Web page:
The fence is not yet a physical reality, but several teams from private and international humanitarian aid organisations have taken it upon themselves to regularly patrol the proposed fenceline. Consequently the paramilitaries have changed their tactics. In June 2001 a second massacre was averted, due to what Alette believes was the heightened international, national and religious presence. On that occasion 800 armed paramilitaries invaded the territory and detained a group of people for three days. As they marched the detainees towards the two townships they became aware of the presence of international and church representatives, as well as the government official stationed in the district.

‘They no longer come firing machine-guns at everyone like they did in 1997, but they come to see which of the most outspoken leaders they can seize. We are sure that they came with intentions to do something. We believe that this presence prevented them from killing the group, or some of them at least.’

Alette lives with a missionary team of four young lay professionals. Missionary team projects, which also operate in other parts of the country, are an initiative of the Colombian Catholic Church’s Intercongregational Justice and Peace Commission, set up by 25 superiors of religious congregations in 1988. While they have a broader anti-terrorism role in other parts of Colombia, their aim in the Cacarica River Basin is to work against terrorism and repression from government-backed paramilitaries and to defend the rights of the poor and marginalised.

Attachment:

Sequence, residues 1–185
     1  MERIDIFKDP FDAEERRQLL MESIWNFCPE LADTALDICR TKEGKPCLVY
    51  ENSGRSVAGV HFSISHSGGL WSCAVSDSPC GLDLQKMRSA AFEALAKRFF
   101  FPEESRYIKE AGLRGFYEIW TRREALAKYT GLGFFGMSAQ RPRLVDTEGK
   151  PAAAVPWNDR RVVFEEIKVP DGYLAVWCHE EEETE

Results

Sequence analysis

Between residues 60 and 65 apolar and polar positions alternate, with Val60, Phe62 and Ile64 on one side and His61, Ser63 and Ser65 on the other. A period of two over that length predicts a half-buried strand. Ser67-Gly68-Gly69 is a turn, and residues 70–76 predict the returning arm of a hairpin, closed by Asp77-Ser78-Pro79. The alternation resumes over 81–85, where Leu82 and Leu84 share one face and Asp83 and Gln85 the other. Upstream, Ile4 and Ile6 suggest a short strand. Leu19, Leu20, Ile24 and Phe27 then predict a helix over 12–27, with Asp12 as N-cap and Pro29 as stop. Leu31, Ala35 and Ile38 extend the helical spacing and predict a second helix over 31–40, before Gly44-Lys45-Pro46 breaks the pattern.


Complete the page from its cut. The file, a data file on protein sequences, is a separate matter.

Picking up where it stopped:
Alette says the community is now seeking answers so that the truth can be aired. While they wait for the government to start its promised infrastructure projects, the people also wait for justice.

Alette explains that a climate of impunity reigns. ‘From the highest functionaries to the lowest, they do as they please —kill who they want to, steal, or do what they want.

‘And nobody is guilty of anything. So [the people] want it made very clear who is responsible for what has happened to them.’

Alette doesn’t pretend that everything in the Cacarica River Basin community was perfect before the attack in 1997, but she sees a quality here that the persecutors haven’t. ‘My prayer involves contemplating the people and the environment—when I accompany the women sowing the crops, caring for their children, cutting firewood or spending time with the families.’

Alette says that the bloody attempts to drive these people into exile has unexpectedly made their communities stronger.  And living in solidarity with them means more to her than playing the role of spiritual mentor—it’s a matter of life or death as she returns to bear witness to their struggle for life and freedom. ‘For me it has been a privilege.’ 

Kent Rosenthal sj is studying theology.